Moreover, it has proved that the online survey system is very efficient and cost saving. Within two days, the system has received twenty-eight responses, which benefit following data analysis. In comparison, handling a print survey would take at least one week to distribute and collect results. Besides, a BASIC account in SurveyMonkey would cost no money while fees have to be paid if the survey questionnaires would be in print.
During the data analysis, as has been mentioned above, some parents skipped open-ended questions for a variety of possible reasons, while those parents who answered these questions reported important feedbacks and gave invaluable suggestions that might be very useful for the library to refer to when making an improvement plan. So it might be reasonable to make a change to the survey design, such as make the system doesn't allow parents to get to the next question if they fail to answer questions. However, it's also important to find other effective ways of hearing from parents (see the Improvement Strategies above).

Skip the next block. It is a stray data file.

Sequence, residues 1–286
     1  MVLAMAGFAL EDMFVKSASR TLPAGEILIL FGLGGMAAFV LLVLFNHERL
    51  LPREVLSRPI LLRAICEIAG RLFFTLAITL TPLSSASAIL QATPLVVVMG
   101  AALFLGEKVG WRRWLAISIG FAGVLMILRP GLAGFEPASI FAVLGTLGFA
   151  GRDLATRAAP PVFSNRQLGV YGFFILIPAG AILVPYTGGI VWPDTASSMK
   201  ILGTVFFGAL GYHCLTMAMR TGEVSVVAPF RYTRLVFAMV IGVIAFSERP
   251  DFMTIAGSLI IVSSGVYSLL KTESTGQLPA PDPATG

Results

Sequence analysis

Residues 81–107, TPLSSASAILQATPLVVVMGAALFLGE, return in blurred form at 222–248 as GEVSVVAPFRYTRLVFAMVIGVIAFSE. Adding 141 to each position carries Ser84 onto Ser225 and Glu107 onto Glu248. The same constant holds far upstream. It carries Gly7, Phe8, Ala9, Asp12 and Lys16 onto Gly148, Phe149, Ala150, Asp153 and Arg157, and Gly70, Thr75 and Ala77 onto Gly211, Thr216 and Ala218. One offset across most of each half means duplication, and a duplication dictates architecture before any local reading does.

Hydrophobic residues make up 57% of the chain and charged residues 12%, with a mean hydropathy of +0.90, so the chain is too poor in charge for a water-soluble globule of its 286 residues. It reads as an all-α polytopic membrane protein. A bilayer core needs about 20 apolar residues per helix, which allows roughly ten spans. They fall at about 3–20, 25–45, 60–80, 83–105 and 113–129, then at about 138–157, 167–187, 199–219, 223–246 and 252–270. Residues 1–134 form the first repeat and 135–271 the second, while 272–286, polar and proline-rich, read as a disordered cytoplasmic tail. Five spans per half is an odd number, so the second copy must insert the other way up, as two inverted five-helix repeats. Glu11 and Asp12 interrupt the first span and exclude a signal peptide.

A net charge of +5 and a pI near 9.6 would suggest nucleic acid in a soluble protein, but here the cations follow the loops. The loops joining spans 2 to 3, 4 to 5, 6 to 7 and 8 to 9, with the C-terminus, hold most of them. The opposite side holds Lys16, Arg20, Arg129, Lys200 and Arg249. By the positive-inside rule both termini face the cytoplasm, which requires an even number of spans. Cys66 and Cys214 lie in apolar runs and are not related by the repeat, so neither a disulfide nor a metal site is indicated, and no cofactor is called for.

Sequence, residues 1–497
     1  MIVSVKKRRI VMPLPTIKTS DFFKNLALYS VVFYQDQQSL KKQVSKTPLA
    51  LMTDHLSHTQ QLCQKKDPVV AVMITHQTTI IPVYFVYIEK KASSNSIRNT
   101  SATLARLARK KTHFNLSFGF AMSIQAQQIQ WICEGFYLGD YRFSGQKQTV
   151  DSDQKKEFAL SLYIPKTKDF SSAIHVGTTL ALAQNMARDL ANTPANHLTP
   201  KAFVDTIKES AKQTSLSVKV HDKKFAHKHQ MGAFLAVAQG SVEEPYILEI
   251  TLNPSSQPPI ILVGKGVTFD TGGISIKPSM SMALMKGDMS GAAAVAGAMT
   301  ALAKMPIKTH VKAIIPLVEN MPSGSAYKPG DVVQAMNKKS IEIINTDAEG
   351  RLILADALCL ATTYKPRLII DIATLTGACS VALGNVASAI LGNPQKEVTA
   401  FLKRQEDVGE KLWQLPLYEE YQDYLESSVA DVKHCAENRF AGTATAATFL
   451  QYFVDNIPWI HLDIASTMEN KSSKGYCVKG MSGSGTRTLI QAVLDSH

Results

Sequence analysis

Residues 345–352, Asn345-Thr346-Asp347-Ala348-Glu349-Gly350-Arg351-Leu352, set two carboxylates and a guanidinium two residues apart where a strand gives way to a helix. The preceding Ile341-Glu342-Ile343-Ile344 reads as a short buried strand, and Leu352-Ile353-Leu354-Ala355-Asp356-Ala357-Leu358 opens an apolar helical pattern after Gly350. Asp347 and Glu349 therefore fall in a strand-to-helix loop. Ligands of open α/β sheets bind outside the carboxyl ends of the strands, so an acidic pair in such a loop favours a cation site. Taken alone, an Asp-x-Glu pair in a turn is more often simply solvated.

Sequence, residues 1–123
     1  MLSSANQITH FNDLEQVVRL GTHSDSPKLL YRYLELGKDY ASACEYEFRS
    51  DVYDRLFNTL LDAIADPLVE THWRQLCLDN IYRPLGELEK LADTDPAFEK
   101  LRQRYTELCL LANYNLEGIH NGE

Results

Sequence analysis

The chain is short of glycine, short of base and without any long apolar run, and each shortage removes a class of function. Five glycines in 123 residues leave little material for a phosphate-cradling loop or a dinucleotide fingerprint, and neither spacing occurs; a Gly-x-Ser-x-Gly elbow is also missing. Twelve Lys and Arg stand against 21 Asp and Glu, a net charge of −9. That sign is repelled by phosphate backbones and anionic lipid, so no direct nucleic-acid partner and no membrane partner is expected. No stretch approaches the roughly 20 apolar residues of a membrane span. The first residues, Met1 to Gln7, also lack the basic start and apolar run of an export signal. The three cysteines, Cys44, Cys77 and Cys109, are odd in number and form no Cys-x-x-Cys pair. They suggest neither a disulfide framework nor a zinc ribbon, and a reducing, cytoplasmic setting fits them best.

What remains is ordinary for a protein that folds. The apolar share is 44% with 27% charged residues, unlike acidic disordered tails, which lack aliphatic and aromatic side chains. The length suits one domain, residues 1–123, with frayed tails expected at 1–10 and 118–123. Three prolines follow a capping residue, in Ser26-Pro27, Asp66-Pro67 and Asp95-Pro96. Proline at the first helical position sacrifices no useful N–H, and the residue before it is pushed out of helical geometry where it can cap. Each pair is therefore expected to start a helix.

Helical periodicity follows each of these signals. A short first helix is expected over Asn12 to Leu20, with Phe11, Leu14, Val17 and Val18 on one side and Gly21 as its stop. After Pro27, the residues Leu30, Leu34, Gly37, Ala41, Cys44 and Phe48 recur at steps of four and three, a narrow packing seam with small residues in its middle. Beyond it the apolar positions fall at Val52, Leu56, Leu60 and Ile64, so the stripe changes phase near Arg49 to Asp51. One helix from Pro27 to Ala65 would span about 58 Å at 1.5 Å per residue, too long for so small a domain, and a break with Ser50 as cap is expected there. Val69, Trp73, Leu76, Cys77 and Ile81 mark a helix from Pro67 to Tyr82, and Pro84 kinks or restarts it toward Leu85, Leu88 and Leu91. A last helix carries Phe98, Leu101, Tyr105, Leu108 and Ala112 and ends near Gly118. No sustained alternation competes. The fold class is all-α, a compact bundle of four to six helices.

Contact K.C. Williams451 Communications Building, 1345 Circle Park Drive, Knoxville, TN 37996-0341